US Cyber Command and National Security Agency Director Adm Mike Rogers said the US government gave French authorities "a heads up" about Russian infiltration into their presidential campaign infrastructure before the cyberattack was made public. Rogers told a Senate committee on Tuesday (9 May) that the agency warned its French counterparts before thousands of files stolen from Emmanuel Macron's campaign were leaked 36 hours before the country's run-off vote on Sunday.
"We had become aware of Russian activity," Rogers said before the Senate Armed Services Committee hearing. "We had talked to our French counterparts prior to the public announcements that were publicly attributed this past week and [we] gave them a heads up.
"We said, 'Look we are watching the Russians, we've seen them penetrate your infrastructure, here's what we've seen, what can we do to try to assist?'"
Rogers did not specify what activity the agency had observed or what type of infrastructure was penetrated.
On Friday, about 9GB of data from Macron's campaign was leaked online. Macron's campaign said it suffered "massive and coordinated" hacking attack, adding that the documents included authentic campaign files from its staff members' personal and professional accounts. It also warned that the cache included many "false documents" to "sow doubt and disinformation".
Despite the cyberattack, Macron won the run-off vote defeating far-right candidate Marine Le Pen. France's cybersecurity agency ANSII said the information technology fraud division of Paris' police force was investigating the breach
Earlier this month, security firm Trend Micro found evidence that Russia-linked hacking team APT28, also known as Fancy Bear, had attempted to infiltrate Macron's campaign using sophisticated spearphishing tactics. The same group has been previously tied to the DNC hack last year.
In January, US intelligence agencies accused President Vladimir Putin of ordering an "influence campaign" designed to denigrate Hillary Clinton and help Donald Trump win the US election in November. The report also warned that Russia would implement lessons learned from the US election to "future influence efforts worldwide, including US allies and their election processes".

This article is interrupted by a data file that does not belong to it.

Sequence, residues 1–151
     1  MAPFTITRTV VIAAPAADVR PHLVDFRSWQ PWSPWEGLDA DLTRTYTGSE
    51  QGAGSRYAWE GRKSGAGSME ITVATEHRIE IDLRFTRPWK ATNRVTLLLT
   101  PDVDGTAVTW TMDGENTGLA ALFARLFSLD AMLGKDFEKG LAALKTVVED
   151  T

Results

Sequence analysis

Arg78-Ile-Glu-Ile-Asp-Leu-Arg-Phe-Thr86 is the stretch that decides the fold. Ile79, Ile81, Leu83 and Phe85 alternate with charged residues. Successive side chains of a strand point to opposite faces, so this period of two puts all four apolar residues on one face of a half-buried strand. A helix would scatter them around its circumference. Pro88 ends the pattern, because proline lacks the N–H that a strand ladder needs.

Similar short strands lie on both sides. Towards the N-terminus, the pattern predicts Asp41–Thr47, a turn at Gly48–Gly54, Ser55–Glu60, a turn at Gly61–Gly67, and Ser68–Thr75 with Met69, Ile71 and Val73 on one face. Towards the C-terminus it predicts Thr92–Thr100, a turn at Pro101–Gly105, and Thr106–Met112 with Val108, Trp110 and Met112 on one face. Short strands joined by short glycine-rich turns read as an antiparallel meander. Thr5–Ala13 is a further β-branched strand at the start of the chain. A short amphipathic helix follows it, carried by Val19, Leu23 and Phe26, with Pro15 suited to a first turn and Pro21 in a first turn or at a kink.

The Kremlin has continued to deny the allegations and any involvement in the cyberattacks.
Rogers said the agency was also working with its British and German counterparts ahead of their own elections.
"We're doing similar things with our German and British counterparts, they have an upcoming election sequence," Rogers said. "We're all trying to figure out how we can learn from each other."
"We need to make it very clear to nation-states that engage in this behaviour that it's unacceptable and there's a price to pay for doing this," he added. He did not specify what kind of help the US is providing to the UK and Germany.
When asked by Republican Senator Lindsey Graham if he concurred with now-former FBI director James Comey that Russia was still meddling in American politics, Rogers said: "Yes."
Rogers said the US was still working on a comprehensive cyber policy to bolster its defences against attacks in what he called a "brave new world out there".
Republican Senator John McCain of Arizona, however, said it was "disheartening" that the White House had yet to develop a new plan to fight cyberattacks within 90 days as President Trump promised.
"The new administration promised one within 90 days of the inauguration, but 90 days have come and gone, and no such strategy and policy have been provided," Senate Armed Services Committee chairman McCain said. "Our nation remains woefully unprepared."